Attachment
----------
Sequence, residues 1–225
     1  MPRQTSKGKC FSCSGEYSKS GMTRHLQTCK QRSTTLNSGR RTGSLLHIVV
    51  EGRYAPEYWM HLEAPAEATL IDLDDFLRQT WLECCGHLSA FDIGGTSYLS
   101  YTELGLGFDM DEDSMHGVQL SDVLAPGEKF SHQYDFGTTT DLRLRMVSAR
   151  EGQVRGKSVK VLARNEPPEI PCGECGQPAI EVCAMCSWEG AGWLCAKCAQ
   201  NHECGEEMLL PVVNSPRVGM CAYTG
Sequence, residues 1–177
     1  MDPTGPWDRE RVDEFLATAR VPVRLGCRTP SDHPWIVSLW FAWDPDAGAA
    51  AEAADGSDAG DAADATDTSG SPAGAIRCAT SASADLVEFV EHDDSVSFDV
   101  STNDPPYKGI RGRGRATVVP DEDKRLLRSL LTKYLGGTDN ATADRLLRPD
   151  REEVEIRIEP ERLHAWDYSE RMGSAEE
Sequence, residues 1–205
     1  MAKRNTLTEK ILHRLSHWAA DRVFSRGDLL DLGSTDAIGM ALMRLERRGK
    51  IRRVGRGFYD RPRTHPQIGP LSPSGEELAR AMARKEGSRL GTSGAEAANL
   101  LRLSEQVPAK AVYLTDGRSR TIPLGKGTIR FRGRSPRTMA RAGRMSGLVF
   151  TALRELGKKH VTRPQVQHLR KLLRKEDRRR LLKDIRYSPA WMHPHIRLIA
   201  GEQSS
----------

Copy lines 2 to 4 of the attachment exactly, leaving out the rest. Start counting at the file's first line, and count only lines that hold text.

     1  MPRQTSKGKC FSCSGEYSKS GMTRHLQTCK QRSTTLNSGR RTGSLLHIVV
    51  EGRYAPEYWM HLEAPAEATL IDLDDFLRQT WLECCGHLSA FDIGGTSYLS
   101  YTELGLGFDM DEDSMHGVQL SDVLAPGEKF SHQYDFGTTT DLRLRMVSAR